After it received expanded FDA approval for an incisionless surgical device, Insightec raised new funding that valued the company above $1 billion.
The company closed a $150 million funding round for its surgical ultrasound device, used to treat essential tremor in patients that haven’t responded to medication, and tremor-dominant Parkinson’s disease. Koch Disruptive Technologies, a subsidiary of Koch Industries, led the funding round, bringing Insightec’s post-money valuation to $1.3 billion.
KDT is a repeat investor in the startup, having led a $150 million funding round in Insightec in 2017.
“Our partnership with KDT and other investors is helping to fuel our momentum as a rapidly growing number of medical institutions adopt our focused ultrasound technology,” CEO and Chairman Dr. Maurice Ferré said in a news release. “This new investment demonstrates our investors’ commitment to help drive the next generation of focused ultrasound.”
In 2016, Insightec received FDA approval for its surgical device, a magnetic resonance guided focused ultrasound. It was initially approved to treat patients with essential tremor that are not responsive to medication, and was later expanded for the treatment of tremor-dominant Parkinson’s disease.
How it works: Insightec’s device uses high intensity sound waves to ablate the thalamus, leading to a reduction in hand tremors. Unlike traditional surgeries, the process doesn’t require an incision. However, the surgery can only be conducted on one side of the brain, meaning it would only apply to the dominant hand.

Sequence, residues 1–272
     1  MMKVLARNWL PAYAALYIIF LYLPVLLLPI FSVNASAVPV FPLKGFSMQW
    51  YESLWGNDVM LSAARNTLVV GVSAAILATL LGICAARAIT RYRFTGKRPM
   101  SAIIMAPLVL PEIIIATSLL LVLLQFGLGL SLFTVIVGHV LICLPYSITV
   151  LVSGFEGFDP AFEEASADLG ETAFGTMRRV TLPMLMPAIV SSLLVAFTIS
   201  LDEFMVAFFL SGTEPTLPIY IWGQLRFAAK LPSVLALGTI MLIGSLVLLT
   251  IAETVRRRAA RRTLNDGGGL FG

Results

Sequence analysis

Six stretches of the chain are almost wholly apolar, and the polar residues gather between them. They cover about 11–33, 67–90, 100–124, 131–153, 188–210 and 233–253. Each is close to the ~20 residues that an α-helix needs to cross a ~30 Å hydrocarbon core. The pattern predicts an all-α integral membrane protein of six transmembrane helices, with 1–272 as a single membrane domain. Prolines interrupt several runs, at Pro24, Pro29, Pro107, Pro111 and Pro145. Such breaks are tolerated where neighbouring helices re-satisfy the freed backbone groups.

Medications are still the preferred method of treatment for tremors. For more severe cases, when they don’t work, deep brain stimulation surgery is the standard of care, where electrodes are used to stimulate the thalamus, blocking the signals that cause tremors.
Insightec had initially focused on using the technology for other types of surgeries, such as for uterine fibroids. It received FDA approval for these other indications years ago, but didn’t see much traction with hospitals.
Ferré, former CEO of surgical robotics company MAKO Corp., which was later sold to Stryker Corp., guided the company toward its current focus on neurology.
Insightec, which has its global headquarters in Israel and its U.S. headquarters in Miami, has sold its technology to more than 65 health systems around the world. A study that was published in Neurology and funding in part by Insightec showed that of 76 patients with essential tremor, 58% of reported an improvement of at least 50% in their hand tremors and function at the three-year point.
Photo credit: Insightec